(3) Antidepressant-like effect by pTUS. The potential antidepressant-like effects of pTUS were further investigated in a rat model of depression with excitatory pTUS. Stimulating the left prefrontal cortex (PFC) by TMS has been clinically used for depression treatment, it was thus hypothesize that pTUSE on PFC would act similarly with TMS and result in antidepressant-like effect. To test this hypothesis, pTUS was applied for 2 weeks daily to the left PFC of depressed rats induced by 48-hour restraint. The long-term (3 weeks) efficacy of the depression model as well as the antidepressant-like effects of pTUS were investigated with a group of behavioral tests. In addition, the hippocampal BDNF was measured by western blot to study the mechanisms underlying antidepressant-like effects of pTUS. The safety of long-term (2 weeks) pTUS was assessed by histologic analysis. Results showed that 48-hour-restraint stress could stably lead to at least 3-week reduction of exploratory behavior and protracted anhedonia, whereas pTUSE treatment could successfully reverse the depression-like phenotypes and promote the BDNF expression in the left hippocampus. In addition, H&E staining of brain tissues confirmed the safety of the long-term pTUS treatment.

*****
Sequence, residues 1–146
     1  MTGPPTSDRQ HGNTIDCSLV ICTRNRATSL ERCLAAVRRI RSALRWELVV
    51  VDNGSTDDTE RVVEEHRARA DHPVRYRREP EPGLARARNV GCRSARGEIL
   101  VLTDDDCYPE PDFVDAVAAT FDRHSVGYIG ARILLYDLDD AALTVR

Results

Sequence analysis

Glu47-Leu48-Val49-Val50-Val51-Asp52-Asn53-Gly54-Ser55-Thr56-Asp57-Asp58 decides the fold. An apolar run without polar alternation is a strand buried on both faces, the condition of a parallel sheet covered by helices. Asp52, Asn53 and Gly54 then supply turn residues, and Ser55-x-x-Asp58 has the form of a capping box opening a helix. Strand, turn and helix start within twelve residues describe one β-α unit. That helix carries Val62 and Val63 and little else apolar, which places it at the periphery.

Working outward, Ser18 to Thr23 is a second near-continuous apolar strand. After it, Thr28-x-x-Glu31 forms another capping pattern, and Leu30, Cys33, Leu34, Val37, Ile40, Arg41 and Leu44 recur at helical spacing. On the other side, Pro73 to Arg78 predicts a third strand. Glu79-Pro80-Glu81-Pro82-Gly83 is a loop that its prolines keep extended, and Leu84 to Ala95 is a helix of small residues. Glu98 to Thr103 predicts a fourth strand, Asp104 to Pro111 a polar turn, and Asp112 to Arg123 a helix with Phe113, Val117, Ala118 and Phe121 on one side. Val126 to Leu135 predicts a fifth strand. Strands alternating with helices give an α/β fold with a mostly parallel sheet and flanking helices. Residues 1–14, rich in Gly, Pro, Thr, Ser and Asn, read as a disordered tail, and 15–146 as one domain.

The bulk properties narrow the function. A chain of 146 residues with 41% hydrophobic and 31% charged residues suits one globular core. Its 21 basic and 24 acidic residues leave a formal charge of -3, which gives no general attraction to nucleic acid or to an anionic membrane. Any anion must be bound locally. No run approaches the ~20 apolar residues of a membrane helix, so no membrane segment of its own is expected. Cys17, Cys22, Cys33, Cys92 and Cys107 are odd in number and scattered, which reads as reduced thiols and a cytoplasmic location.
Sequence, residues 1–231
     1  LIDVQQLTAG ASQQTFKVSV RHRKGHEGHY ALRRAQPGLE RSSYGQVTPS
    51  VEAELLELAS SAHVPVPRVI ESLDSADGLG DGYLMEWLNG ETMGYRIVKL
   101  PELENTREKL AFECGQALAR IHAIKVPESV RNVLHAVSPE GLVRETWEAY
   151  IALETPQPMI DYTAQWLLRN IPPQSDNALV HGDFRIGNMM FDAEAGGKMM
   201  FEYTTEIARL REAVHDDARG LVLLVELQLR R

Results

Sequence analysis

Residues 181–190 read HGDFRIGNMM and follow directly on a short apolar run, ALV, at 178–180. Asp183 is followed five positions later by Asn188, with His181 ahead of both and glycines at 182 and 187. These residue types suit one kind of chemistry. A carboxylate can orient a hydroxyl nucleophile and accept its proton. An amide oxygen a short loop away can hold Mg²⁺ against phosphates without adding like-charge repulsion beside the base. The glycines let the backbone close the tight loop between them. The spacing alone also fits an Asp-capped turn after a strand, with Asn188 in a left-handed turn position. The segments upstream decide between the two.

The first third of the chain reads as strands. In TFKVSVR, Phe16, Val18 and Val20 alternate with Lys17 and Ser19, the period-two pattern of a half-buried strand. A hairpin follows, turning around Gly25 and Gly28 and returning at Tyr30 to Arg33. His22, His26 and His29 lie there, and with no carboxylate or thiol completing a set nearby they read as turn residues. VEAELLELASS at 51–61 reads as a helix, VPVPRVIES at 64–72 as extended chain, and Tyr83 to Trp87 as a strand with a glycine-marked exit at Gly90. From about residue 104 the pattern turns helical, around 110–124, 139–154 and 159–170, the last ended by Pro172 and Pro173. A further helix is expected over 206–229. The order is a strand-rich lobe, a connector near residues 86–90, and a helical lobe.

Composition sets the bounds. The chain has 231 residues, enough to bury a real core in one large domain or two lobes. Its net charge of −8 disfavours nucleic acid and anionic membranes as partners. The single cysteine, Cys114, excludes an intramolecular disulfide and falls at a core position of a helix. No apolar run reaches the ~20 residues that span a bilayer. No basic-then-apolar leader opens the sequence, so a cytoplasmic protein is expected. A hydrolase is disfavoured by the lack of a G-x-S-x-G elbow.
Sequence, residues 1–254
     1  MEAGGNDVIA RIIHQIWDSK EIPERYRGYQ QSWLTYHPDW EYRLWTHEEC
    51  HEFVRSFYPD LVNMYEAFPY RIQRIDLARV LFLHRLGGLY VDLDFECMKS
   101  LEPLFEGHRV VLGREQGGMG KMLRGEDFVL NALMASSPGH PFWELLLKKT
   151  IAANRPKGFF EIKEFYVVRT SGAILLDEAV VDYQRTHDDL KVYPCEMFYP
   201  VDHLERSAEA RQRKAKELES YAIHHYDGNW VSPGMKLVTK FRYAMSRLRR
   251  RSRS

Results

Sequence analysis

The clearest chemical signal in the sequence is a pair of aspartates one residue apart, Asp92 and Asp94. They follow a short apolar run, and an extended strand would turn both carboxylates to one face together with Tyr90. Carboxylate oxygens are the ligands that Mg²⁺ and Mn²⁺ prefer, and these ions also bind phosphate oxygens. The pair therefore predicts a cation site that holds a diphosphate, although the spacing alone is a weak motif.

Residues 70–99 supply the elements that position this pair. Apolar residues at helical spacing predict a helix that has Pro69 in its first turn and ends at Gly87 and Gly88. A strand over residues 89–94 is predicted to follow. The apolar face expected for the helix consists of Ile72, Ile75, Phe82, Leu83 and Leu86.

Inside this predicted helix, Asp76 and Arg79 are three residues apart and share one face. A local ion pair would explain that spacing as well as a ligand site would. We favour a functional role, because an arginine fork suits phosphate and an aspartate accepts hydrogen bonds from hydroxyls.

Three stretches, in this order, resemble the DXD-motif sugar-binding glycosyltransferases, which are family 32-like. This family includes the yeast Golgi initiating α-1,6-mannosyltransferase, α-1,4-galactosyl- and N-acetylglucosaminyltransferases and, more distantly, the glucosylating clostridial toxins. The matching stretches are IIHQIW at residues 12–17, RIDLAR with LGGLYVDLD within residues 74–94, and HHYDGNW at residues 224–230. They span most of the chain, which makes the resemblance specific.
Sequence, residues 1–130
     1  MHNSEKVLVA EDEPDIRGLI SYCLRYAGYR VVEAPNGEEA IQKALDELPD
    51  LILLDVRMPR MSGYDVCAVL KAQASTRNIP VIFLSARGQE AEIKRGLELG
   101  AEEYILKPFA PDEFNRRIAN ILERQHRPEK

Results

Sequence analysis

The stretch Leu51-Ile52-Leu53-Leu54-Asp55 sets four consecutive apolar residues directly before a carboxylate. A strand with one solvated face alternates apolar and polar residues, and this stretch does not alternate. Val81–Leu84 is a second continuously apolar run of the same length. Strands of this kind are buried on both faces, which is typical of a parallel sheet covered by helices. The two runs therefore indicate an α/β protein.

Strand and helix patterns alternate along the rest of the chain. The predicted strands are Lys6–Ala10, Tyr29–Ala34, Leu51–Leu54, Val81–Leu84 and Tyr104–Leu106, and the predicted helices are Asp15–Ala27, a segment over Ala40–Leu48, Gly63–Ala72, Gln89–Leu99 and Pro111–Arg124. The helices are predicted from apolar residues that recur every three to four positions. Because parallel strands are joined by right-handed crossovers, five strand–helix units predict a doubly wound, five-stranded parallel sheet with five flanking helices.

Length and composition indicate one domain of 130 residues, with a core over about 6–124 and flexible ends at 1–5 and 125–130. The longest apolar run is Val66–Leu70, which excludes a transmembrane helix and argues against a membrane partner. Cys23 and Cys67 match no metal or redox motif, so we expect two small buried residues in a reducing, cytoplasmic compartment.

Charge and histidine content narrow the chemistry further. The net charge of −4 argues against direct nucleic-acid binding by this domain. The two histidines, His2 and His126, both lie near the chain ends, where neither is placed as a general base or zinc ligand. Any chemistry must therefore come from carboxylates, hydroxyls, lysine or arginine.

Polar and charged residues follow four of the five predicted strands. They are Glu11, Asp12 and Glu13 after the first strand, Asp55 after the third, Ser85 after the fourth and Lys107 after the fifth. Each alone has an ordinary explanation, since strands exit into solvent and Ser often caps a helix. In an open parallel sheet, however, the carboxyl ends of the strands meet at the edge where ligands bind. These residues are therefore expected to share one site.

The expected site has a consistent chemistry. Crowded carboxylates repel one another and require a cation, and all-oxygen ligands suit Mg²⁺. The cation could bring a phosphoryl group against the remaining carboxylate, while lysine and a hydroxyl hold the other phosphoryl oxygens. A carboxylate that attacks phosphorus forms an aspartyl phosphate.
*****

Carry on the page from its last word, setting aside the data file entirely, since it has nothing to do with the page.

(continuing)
In conclusion, the results in this work suggested that pTUS could serve as preconditioning of perioperative stroke and therapeutics for depression. Additionally, the results also demonstrated that optical neurovascular imaging could measure the neuromodulatory effect of pTUS. This study documented more evidence that pTUS is a promising tool for basic neuroscience and therapeutic applications.

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Ken Barbee

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Med-X Building, Room 218, Shanghai Jiao Tong University (SJTU), Shanghai, China